The federal government is moving to shield “sensitive or potentially injurious information” from disclosure during a court challenge of its decision to return a turbine repaired in Montreal to a Russian energy giant.
In an application to the Federal Court, the attorney general seeks confirmation that certain information flagged by the Justice Department must not be disclosed in the turbine legal proceedings.
In early July, Foreign Affairs Minister Melanie Joly issued a permit to Siemens Energy Canada authorizing it to service turbines used by Russian state-owned gas company Gazprom, despite sanctions against Moscow over its invasion of Ukraine.
Ukraine has criticized the Canadian government for agreeing to a request from Germany to exempt Siemens from the sanctions so it could return a turbine for use in the Nord Stream 1 pipeline that supplies natural gas to Germany.
The turbine had been under repairs at Siemens’ Montreal facility, the only location in the world capable of maintaining the equipment.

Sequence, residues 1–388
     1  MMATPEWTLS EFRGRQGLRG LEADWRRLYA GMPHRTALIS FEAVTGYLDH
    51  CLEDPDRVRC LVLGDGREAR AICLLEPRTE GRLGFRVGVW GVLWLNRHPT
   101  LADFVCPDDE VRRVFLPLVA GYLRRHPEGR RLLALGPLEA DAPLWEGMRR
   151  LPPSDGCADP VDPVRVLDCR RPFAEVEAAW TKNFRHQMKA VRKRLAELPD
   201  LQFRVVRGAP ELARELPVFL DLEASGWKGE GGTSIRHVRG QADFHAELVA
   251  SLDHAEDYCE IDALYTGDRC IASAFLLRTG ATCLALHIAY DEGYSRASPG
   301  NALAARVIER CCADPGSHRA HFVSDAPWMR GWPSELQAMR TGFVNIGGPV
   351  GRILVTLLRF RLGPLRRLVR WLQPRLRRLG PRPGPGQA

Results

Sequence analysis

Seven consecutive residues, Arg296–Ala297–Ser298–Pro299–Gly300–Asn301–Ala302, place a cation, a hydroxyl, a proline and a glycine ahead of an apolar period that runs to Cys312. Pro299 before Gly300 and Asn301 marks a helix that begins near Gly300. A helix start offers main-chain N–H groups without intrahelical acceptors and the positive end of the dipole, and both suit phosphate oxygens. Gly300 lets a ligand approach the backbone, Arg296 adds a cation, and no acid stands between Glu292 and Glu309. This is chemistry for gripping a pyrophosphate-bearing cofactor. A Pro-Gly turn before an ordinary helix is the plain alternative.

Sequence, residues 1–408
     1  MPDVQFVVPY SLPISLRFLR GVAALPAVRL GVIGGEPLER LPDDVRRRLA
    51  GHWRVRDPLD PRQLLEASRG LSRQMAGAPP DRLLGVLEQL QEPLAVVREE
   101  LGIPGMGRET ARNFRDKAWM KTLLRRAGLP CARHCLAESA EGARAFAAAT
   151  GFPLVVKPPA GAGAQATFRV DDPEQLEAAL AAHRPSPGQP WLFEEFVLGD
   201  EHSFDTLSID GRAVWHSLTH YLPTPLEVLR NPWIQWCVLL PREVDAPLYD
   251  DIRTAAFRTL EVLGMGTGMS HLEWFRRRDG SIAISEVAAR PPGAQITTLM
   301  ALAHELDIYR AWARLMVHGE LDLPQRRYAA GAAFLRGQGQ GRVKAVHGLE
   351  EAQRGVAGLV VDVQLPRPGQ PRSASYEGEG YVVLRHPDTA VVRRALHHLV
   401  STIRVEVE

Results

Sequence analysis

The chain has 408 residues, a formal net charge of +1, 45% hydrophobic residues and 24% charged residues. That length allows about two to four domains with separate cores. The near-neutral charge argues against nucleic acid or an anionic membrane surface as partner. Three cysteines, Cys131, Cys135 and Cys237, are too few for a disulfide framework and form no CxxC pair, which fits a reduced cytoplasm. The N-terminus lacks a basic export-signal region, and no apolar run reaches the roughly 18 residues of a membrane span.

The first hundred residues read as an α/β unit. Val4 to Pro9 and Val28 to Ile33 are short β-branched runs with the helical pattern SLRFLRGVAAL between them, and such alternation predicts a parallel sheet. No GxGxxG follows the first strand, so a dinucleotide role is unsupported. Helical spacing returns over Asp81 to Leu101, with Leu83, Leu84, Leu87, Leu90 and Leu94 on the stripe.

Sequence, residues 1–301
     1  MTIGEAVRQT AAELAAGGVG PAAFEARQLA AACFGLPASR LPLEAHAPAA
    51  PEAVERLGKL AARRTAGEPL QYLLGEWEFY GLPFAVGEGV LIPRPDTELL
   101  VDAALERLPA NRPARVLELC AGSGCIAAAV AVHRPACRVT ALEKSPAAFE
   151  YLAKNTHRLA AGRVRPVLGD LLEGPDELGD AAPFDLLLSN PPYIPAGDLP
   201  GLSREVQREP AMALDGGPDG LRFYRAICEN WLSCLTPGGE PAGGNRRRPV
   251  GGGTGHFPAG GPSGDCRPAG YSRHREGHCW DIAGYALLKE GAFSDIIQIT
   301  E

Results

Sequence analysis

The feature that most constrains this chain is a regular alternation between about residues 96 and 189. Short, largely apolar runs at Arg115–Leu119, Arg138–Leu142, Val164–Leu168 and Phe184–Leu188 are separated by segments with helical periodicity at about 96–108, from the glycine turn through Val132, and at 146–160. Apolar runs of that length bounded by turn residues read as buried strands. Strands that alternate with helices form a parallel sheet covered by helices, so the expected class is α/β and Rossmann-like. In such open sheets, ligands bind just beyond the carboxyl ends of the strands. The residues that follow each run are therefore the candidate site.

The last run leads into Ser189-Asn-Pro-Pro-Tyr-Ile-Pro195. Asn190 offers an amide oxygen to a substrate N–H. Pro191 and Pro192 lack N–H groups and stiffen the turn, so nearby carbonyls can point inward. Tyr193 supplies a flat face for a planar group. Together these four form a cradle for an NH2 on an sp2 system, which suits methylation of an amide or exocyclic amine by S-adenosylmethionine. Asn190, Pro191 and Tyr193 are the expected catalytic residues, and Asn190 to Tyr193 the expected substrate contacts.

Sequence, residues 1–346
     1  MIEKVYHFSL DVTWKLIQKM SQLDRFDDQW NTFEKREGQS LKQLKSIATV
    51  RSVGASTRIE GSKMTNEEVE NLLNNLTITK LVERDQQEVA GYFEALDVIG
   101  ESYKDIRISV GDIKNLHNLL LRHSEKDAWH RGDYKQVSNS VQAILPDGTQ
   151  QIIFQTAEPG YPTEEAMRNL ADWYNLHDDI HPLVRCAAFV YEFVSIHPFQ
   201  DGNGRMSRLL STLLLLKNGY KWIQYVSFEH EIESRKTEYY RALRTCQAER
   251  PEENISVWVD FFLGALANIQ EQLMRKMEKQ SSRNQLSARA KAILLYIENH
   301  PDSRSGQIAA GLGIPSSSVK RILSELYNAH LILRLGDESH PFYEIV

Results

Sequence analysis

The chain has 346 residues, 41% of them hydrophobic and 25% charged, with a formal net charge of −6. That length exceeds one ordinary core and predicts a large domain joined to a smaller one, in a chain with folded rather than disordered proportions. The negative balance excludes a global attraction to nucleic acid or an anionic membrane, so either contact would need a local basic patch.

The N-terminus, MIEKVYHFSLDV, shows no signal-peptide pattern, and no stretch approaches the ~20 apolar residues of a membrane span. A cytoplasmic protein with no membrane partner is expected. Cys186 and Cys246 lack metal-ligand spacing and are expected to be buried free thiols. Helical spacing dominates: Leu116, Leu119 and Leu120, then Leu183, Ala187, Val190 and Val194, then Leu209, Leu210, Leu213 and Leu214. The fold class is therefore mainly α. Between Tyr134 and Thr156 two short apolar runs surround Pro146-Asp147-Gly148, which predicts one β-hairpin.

It was delivered to Germany and was supposed to go to Russia from there, but Russian authorities have so far refused to accept it.
The Ukrainian World Congress and Daniel Bilak, a Canadian who lives in Ukraine, have applied for judicial review of the permit decision.
On Aug. 3, a Justice Department lawyer provided notice to the attorney general under the Canada Evidence Act that she believes some of the information to be filed in the court proceeding involves sensitive information.
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Although redacted records have been disclosed, the government says some information should be kept under wraps, as revealing it would harm Canada’s international relations.
Canada’s permit also allows Siemens to import, repair and return five other turbines used in Nord Stream 1, according to their maintenance schedule, and is valid until the end of 2024.
This report by The Canadian Press was first published Aug. 24, 2022.
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